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The ultimate Jewish symbol

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Religion and religious practice is studded with symbols – and Judaism is no different. For millennia, these symbols have been used to convey meaning, build identity, and declare faith to outsiders.
by JULIE LEIBOWITZ | Nov 29, 2018

In an age of emojis and instant communication, symbols are more important than they have ever been.

Chanukah is arguably Judaism’s most overt festival in terms of symbols. A chanukiah lit up in a window is a simple and direct statement that’s difficult to ignore.

The chanukiah has the closest resemblance to Judaism’s oldest symbol, the menorah. In fact, the menorah is acknowledged as the oldest religious symbol in Western culture, and it is still the official emblem of Israel and its government entities.

The seven-branch candlestick dates back thousands of years. It is mentioned in the Torah. It was first found on the Tabernacle of Moses and existed in the First and Second Temples in Jerusalem, where it was kept alight 24 hours a day.

Though there are different ideas about what the original menorah looked like, it is widely agreed that it was about 1.8m tall, made of solid gold, with all seven branches of exactly equal height, and connected to one stem.

The picture of what it looked like – with three circular, half-moon-shaped branches, and a centre branch – comes from a carving in the Arch of Titas, located on the Via Sacra in Rome, which represents the siege of Jerusalem in AD 70.

Recently, another carving of the menorah has been found that predates the Arch of Titas. However, because Titas was based on an eyewitness account of the sacking of the temple, that interpretation is given priority.

“The menorah symbolises G-d’s creation of the world in seven days, and G-d’s constant involvement in the world,” says Rabbi Mendel Rabinowitz of Greenside Shul in Johannesburg.

“For Jews, the menorah represents the light of G-d, the divine presence, the divinely given Torah, the rabbis who interpret it, and the people of Israel itself,” says cultural historian Steven Fine, the author of the book, The Menorah: From the Bible to Modern Israel.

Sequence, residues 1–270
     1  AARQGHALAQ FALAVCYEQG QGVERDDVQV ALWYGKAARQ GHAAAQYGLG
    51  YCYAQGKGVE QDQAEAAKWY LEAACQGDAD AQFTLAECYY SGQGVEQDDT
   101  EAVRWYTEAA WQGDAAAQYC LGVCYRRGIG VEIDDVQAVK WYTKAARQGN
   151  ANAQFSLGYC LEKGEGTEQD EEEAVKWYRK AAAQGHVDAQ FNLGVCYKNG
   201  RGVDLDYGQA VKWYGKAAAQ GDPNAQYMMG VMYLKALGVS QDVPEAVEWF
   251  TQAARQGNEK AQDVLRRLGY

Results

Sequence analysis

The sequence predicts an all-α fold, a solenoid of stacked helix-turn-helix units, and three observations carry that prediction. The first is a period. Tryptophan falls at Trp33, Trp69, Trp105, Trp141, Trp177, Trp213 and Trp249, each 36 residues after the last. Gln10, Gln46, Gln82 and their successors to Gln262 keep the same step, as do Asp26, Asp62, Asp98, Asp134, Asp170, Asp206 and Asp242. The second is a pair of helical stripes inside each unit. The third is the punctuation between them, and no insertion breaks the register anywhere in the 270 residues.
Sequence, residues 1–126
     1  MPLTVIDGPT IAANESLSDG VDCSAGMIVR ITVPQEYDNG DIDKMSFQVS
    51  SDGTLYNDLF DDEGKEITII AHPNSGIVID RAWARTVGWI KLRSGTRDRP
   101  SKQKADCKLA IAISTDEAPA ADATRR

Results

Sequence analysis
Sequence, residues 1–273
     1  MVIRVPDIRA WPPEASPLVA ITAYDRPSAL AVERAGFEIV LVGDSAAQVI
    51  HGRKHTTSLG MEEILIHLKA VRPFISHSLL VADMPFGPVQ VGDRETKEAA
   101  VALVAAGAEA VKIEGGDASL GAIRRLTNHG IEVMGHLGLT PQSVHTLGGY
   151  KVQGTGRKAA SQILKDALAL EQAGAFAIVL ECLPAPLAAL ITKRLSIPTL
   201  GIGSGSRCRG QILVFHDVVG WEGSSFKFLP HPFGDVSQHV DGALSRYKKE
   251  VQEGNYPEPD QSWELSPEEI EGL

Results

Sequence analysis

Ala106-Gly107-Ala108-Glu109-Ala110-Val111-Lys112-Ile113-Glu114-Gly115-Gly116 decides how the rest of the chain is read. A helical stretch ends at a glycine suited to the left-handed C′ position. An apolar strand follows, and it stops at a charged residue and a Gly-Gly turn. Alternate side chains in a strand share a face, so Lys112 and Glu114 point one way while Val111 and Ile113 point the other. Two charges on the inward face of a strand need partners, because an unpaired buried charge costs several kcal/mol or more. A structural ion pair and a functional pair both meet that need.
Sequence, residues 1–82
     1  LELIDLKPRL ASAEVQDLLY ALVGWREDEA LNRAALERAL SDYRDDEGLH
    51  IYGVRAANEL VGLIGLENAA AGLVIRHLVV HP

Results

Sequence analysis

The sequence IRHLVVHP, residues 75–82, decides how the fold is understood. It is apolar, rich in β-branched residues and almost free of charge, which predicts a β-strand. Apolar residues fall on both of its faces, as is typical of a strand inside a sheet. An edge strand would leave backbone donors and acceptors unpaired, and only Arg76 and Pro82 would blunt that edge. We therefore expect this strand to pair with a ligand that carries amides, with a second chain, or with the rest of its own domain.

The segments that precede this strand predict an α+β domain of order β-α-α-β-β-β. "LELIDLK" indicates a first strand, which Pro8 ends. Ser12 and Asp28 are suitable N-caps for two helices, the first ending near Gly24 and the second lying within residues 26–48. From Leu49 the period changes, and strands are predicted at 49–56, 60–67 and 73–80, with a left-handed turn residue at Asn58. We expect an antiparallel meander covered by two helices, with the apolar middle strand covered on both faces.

Interestingly, there is a replica of the menorah standing today in the Jewish Quarter of Jerusalem, overlooking the Temple Mount. According to the Temple Institute, which was responsible for its construction, it “was created exclusively to be used in the new Holy Temple”.

Described as containing 45 kilograms of 24-carat gold, and worth about $3 million (R42 million), the institute’s website describes this menorah as being “painstakingly crafted after years of extensive research by the Temple Institute’s full-time staff of researchers”.

Batya Bricker, an adult educator at the Academy of Jewish Thought and Learning, describes the menorah as “a quintessentially Jewish symbol, described in specific detail in the Torah”.

By contrast, she says, a lot of other Jewish symbols, such as the shofar, the olive branch and dove, even the conical Judenhat, do not originate in the Torah, and their meaning has changed over time with use and context, sometimes moving from being an emblem of pride, to shame, and back again.

The Magen David is another example of a symbol that has changed over time. The Star of David is actually a fairly recent representation of Judaism and the Jewish people. It became a Jewish symbol only in the Middle Ages, although it has appeared in religious and cultural practice for millennia.

It was adopted by the Zionist movement at its 1897 Congress, giving it international prominence. It was also used to identify Jews for persecution during the Holocaust. Most recently, it became part of the flag of the state of Israel.

Which brings us back to the chanukiah, which although it may look like a menorah, differs from it in many respects. First, its structure is different – it has eight branches and one raised branch, called a shamash. Second, it uses candles, whereas a menorah burns oil. Third, the chanukiah can be constructed of any material, whereas the menorah is made of solid gold.

Its meaning is also different, Rabinowitz points out. There is a prohibition on exactly replicating elements of the temple while the temple does not exist. The chanukiah, unlike the menorah, is a “rabbinical invention” to remind us each year of the miracle that occurred in the rededicated Second Temple – the fact that the menorah stayed alight for eight days although there was enough oil to keep it burning for only one day.

Bricker says the chanukiah also differs from symbols like Shabbat candles in that it is a public symbol, meant to be placed in the window to publicise the miracle of Chanukah to people passing by, whereas Shabbat candles are more private.

So, who needs emojis when you have a symbol this public, this powerful, and this beautiful?

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